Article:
This is just warmed over 'social engineering' [with algorithm-sauce added] from the 1970's, but it smells of 1984, and, ironically for a machine, pseudo-religious teleology. So we are all trapped, and complicit, in the bureaucracies (and worse, now, e-rocracies) of the 'social contract' that we (willingly?) vote for, again and again, and delegate blindly to our democratically elected 'leaders' until they call the next election. This is what we have to resolve.

2.2 Identity politics has been automated
Rob Horning (May 17, 2017) analyses the problem quite succinctly. It has long been the case that the governors of the world conjure up hypothetical avatars of 'social actors', design social policy for them, and then try to realise corresponding behavioural change in real people without the wheels falling off (as this would invite dissent or insurrection against the governors). Large amounts of largess and money are spent on (unelected) 'special advisors' to make social policy 'work' in this way. And in the UK this increasingly takes place behind the closed doors of No. 10, with few or no members of the UK 'House' being invited (thanks to Tony Blair's sofa-government meme). At least in the US, Trump has to talk to Capitol Hill, as he is finding out in his own bumpy 'apprenticeship'.

The 'avatars' of social policy are constructed using a range of information gathering tools, from (sp)eyes on the ground to numerous forms of data collection and harvesting. Statistics and surveys were once used for 'sampling at a distance' of large, amorphous samples, which were used to create broad, generalised interventions. Big data on the other hand claims to provide real time, 24/7, interactive engagement - up close and intimate - both in the data harvested, and in the micro-targeted interventions. It's 'in your face/book', in more ways than one. It is a campaign manager's dream - whether it is a commercial or political campaign.

That may sound like a warm-fuzzy social media collaboration, but the intimacy is intrusive; data mining is more like voyeurism, and it's no more interactive than the oil companies mining of the planet's resources. And people like Trump (he's just one of many 'leaders' who is doing this) - support this with legislation [add link to the latest Internet laws] encouraging a hybrid of surveillance and the privatisation of intrusion and the harvesting of data, which creates the global free trade - for the state/capital - in all our communications: Foucault's worst nightmare, of the panopticon intruding its gaze, 24/7, into the most intimate capillaries of power. (Who says Trump is anti-globalisation?).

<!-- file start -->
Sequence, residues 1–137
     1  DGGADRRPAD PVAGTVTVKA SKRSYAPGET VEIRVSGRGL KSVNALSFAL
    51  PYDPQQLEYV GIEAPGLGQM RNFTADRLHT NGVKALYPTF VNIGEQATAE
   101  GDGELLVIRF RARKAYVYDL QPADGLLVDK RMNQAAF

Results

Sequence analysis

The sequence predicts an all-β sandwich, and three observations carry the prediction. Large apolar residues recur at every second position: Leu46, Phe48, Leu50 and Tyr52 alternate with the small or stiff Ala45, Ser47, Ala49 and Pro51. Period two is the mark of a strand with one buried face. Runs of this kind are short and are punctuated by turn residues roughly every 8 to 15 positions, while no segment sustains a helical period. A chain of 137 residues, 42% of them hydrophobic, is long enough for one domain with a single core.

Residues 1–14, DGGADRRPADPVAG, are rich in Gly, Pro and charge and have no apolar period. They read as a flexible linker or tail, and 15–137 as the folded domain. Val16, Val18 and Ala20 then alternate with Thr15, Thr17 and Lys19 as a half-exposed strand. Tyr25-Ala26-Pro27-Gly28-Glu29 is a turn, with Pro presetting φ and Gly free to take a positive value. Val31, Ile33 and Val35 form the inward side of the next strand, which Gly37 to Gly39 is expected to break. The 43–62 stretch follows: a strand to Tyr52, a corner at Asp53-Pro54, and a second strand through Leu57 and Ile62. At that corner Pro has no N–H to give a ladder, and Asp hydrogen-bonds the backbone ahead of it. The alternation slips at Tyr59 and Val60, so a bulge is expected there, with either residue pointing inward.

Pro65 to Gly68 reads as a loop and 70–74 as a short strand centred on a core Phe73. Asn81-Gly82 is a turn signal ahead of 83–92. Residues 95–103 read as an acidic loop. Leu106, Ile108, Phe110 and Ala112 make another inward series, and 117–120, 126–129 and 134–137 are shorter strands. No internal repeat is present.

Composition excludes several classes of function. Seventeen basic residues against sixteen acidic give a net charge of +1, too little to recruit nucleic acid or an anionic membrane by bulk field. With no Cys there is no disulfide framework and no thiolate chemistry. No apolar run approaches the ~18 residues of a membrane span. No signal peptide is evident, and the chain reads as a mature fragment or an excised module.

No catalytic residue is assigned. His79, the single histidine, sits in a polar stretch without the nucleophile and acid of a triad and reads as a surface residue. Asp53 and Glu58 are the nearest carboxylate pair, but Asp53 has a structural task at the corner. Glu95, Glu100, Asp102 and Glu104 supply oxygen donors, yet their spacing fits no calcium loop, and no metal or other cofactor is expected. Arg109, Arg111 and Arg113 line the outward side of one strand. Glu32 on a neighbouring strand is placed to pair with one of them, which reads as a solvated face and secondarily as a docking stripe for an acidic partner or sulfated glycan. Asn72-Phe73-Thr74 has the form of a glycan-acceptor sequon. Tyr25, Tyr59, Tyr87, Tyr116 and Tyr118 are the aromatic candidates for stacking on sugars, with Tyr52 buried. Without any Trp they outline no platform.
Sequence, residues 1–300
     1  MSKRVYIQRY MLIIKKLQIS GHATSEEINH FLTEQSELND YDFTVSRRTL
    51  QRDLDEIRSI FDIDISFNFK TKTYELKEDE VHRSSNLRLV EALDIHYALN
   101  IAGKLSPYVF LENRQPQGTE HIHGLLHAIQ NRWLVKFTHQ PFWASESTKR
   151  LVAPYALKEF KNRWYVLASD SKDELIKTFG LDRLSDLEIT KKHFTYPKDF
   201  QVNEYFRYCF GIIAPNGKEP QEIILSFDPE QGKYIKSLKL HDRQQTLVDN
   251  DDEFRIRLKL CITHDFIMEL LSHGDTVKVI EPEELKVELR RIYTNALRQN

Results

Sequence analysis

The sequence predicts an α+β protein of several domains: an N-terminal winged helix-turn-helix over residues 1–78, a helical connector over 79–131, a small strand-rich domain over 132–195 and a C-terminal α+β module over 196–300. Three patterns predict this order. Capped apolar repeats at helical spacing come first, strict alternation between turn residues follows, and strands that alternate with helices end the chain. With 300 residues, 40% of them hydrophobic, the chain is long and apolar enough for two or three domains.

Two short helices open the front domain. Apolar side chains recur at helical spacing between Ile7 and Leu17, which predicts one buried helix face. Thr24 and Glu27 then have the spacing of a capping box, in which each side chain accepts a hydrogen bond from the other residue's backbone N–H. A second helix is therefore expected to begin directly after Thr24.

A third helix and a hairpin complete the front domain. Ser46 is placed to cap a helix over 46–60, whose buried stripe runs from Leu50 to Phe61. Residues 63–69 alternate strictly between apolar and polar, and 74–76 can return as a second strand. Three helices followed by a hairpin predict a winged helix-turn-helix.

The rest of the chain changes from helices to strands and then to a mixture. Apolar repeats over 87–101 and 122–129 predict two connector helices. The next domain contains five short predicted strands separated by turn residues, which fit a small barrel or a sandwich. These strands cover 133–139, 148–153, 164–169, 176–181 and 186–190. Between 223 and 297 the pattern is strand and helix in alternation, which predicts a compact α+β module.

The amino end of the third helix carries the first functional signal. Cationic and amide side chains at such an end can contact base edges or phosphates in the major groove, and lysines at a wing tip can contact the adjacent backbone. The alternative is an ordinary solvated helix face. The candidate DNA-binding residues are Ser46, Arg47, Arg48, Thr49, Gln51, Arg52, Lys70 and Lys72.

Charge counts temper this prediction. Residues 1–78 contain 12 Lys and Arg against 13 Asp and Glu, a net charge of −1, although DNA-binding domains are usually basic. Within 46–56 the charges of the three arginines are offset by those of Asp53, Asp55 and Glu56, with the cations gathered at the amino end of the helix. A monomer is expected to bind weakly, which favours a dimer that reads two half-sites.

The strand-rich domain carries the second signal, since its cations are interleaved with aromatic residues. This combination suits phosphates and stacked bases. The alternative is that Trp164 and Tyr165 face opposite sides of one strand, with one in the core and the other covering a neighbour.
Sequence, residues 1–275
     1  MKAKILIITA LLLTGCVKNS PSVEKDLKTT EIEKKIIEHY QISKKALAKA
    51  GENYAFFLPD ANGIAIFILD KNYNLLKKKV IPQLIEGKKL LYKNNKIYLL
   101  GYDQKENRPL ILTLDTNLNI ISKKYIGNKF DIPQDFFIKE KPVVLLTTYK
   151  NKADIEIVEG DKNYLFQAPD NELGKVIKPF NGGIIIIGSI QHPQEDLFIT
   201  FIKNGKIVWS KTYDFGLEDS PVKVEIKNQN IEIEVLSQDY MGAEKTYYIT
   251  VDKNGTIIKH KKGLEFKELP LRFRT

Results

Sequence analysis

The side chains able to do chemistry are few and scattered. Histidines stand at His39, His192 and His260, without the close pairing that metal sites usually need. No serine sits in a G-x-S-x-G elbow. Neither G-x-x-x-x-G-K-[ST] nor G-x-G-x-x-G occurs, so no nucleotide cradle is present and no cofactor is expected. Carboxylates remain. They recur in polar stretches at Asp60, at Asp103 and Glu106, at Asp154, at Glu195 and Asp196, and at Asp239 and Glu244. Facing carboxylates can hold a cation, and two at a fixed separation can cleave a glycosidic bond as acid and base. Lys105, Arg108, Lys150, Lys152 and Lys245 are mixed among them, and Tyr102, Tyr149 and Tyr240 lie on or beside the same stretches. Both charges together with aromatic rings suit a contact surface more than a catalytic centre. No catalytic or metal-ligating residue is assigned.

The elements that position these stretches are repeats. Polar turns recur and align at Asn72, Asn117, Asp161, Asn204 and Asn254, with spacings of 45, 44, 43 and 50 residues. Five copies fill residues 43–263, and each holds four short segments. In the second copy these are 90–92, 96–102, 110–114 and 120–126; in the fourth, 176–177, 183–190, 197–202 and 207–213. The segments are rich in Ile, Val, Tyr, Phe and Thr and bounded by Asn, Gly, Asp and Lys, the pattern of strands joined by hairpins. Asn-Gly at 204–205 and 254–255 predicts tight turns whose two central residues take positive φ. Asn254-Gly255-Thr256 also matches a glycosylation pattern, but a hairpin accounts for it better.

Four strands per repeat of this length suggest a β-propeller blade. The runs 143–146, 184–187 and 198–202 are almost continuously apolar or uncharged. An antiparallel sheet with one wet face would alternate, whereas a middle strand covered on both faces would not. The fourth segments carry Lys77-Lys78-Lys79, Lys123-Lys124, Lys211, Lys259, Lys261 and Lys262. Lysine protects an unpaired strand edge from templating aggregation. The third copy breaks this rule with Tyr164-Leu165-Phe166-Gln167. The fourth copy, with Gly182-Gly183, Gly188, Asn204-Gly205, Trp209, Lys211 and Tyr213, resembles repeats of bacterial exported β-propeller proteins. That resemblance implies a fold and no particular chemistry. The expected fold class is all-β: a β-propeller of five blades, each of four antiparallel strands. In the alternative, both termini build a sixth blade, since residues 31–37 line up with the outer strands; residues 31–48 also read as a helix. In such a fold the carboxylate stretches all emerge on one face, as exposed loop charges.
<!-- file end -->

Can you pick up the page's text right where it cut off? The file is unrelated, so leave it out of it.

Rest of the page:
What is perhaps worse, still, is that this is done within dark-ware (the software algorithms of big companies and the security sector) none of which the public can see, let alone exercise any oversight over. Hypothetically, that might be something that the public would be prepared to take on good faith, but the consequences (which is all we are allowed to see) are not pretty.

  • "Just as we don’t know how these systems calculate our identity and rank it for various purposes, we often don’t know why either. This means they can be used behind our back to mark us as persons of interest to police and border agents, or to single us out as an insurance risk or for other categorical forms of discrimination without any human agents having direct knowledge. (All quotes from Horning: Sick of Myself: Algorithmic identity is a means of control and consolation unless otherwise stated).

  • "They can render certain concatenations of data to be normal and others to be deviant and socially disqualifying". These machine-'learned' prejudices may not even have human names, which makes it harder for people to unite and fight against them. The labels cannot be reclaimed as principles of solidarity. "You might find yourself on a terrorist watch list or in quarantine for a flu you don’t have, merely because of data associations".

  • "As more information about ourselves is captured within Big Data systems by phones, social media platforms, fitness trackers, facial recognition software, and other forms of surveillance, algorithms assign identity markers to us, place us in categories based on correlations to patterns drawn from massive data sets, regardless of whether these correspond to how we think of ourselves.

  • "We become, to an extent, what other people do, as their data contributes to how ours is interpreted. The system will infer our identity, according to categories it defines or invents, and use these to shape our environments and further guide our behavior, sharpen the way we have been classified, and make the data about us denser, deeper. As these positivist systems saturate social existence, they nullify the idea that there is something about identity that can’t be captured as data". (And that 'something' could be summed up as a unique culture).

e-Rocracy is yet another layer of semiotic alienation, over and above the potential alienation of meta-semiotics. Meta-semiotics [add link ... ] includes all the systems and structures (memes and temes, if you like [add links]) that are context- and subject- stripped: from counting systems to mathematics, money, financial markets and futures markets, bureaucracy, representative democracy and referenda, and even the digital internet itself (although the internet has other attributes too).